# EINSTEIN TO HUBBLE TELESCOPEHubble an experience to disprove relativity

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##### INDEX
Section 1) Einstein's theory where it comes from?
Section 2) Focal displacement with light speed change
A) If Einstein was wrong the effect on space telescope
B) Wave theory and focal displacement in reflection
Section 3) Hubble proves our theory
A) It was not a structural defect.
B) Astronomers comments for near objects
C) Astronomers comments for far objects
D) Press release as published
Section 4) Theory light propagation
Section 5) Michelson Morley experiment
Section 6) Details of calculations

"diagram # 2" Spherical mirror
incoming light faster than "C"

### Section 2) Focal displacement with light speed change

#### A) If Einstein was wrong ?

Let say that Einstein was wrong and the speed of fossil light from 100 of millions light years away is not at 300 000 but faster say at 312 000 km / sec. What would happened if this light falls on a spherical mirror of a space telescope. First from Michelson's experience we know that the reflected light speed would be at 300 000 km / sec. That would be catastrophic. The image would focus away from its design value because of the change in the speed of light before and after it impacted the mirror. You can verify, that the focal point will move, from this independent source, the second answer given in :
Ref.#7-a) (Reflection angle is not always the same )

## Réflexion angle change with speed of light shift

Above is the diagram # 2 showing the light reflecting on a parabolic mirror at a lower speed than the incident light.
Based on the wave propagation theory we obtain that the reflected ray angle (a') is no longer the same as the incident ray. When we apply the theory to a spherical mirror the focal distance increases going away from the mirror. This results in a blurred image for a fixed focus system. In Section 2) - B just below, we give you the explanations based on Huygens' theory for wave front

## B) Wave theory shows displacement of focal point with a speed shift in reflection

### i) Huygens' Theory for a wave front :

All points on a wave front can be considered as point sources for the production of spherical secondary wavelets. After a time "t" the new position of the wave front will be the surface of tangency to these secondary wavelets. The theory was accepted because it can predict the well established laws of reflection and refraction.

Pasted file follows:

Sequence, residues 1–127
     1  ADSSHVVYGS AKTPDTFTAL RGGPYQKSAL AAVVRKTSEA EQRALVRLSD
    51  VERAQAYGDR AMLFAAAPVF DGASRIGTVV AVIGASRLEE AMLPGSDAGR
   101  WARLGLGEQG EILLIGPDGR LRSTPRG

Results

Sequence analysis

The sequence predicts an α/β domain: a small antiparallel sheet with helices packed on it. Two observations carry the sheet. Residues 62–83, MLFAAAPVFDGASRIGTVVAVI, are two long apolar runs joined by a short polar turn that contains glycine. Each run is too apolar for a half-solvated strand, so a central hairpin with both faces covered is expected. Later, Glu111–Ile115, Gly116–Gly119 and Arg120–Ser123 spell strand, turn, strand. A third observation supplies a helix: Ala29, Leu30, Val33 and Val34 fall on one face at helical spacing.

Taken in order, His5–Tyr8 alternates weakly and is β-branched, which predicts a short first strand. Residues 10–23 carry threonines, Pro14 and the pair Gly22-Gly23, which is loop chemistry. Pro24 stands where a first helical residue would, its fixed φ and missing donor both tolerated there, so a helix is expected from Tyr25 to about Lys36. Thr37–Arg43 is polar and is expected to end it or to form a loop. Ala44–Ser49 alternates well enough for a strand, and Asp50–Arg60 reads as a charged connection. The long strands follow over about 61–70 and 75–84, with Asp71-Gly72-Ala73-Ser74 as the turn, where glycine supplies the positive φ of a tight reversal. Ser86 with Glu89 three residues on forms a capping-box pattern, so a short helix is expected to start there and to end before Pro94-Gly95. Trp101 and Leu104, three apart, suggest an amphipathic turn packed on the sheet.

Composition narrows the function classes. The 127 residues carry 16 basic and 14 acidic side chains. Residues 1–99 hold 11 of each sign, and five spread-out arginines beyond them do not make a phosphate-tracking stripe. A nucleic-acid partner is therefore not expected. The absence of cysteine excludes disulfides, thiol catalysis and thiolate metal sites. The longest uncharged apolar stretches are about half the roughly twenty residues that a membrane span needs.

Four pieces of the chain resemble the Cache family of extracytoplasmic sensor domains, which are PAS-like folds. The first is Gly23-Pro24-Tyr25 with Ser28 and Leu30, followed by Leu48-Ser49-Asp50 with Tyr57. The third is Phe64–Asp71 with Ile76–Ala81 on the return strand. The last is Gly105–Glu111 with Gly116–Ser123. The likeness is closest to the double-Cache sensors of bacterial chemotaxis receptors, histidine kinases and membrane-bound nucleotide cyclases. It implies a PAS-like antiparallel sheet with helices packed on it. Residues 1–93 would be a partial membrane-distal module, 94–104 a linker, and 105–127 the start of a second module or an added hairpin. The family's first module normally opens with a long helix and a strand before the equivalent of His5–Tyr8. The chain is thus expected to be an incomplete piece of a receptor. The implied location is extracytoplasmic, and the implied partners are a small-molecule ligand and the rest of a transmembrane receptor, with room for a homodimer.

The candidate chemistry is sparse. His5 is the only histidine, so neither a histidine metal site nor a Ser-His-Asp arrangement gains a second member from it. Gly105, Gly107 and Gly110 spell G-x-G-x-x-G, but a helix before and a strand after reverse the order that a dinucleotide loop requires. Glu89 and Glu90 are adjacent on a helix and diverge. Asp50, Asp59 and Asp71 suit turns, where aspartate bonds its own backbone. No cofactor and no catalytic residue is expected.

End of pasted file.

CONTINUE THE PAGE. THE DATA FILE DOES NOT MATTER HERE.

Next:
### ii) The law of reflection based on Huygens' theory for light travelling faster than the speed of light "c":

1) Diagram showing incident light before it falls on the mirror

Figure a) just below, shows four waves fronts falling on a mirror along with its associated rays selected at random . For convenience the waves are chosen to be one wavelength apart. Note that (a), the angle between the wave fronts and the mirror, is the same as the angle between the incident rays and the normal to the mirror. In other words, "a" is the angle of incidence.

2) Reflection on a flat mirror for light travelling faster than the speed of light "c":

Figure b) we show the waves in yellow being reflected on the mirror surface. Notice the change in wavelength after reflection because of the speed shift. (a')is the angle of reflection. It is the angle between the reflected wave fronts in yellow and the mirror or the angle between the reflected rays in blue and the normal to the mirror. Normally the reflected angle is the same as the angle of incidence because the speed of light in our reference system is a constant "c" = 300 000 km/sec.
Animation with special case reflected speed is smaller

But here we have light coming in our reference system from an other system at a speed of say 312 000 km/ sec. The incident light remains at 312 000 km/sec until it falls on the mirror. Because of Michelson's experience the reflected speed becomes 300 000 km/sec as soon as it interfere with the mirror surface.

3) Reflection on a spherical mirror

Let see now what happens when we apply Huygens law to a spherical mirror in space. In Figure b) When we build Huygens'diagram the geometry impose that the angle of reflection (a') must be less than the incident angle (a). This is cause by the change of the light speed.
Since the flat mirror shown in green is a macroscopic portion of a spherical mirror, the normal to the mirror correspond to the radius of curvature of the sphere. As you can see on the following diagrams, the reflected rays tend to shift towards the radius. This is why the image formed is blurred, the image forms away from the normal focal point. The shift is given by the following formula: sin (a) / sin (a') = V' / c . From the formula we can calculate the speed of light coming from space based on the displacement of the focal position. At the end we give you the details of the calculations conducted for the Hubble's telescope in section "Calculation"

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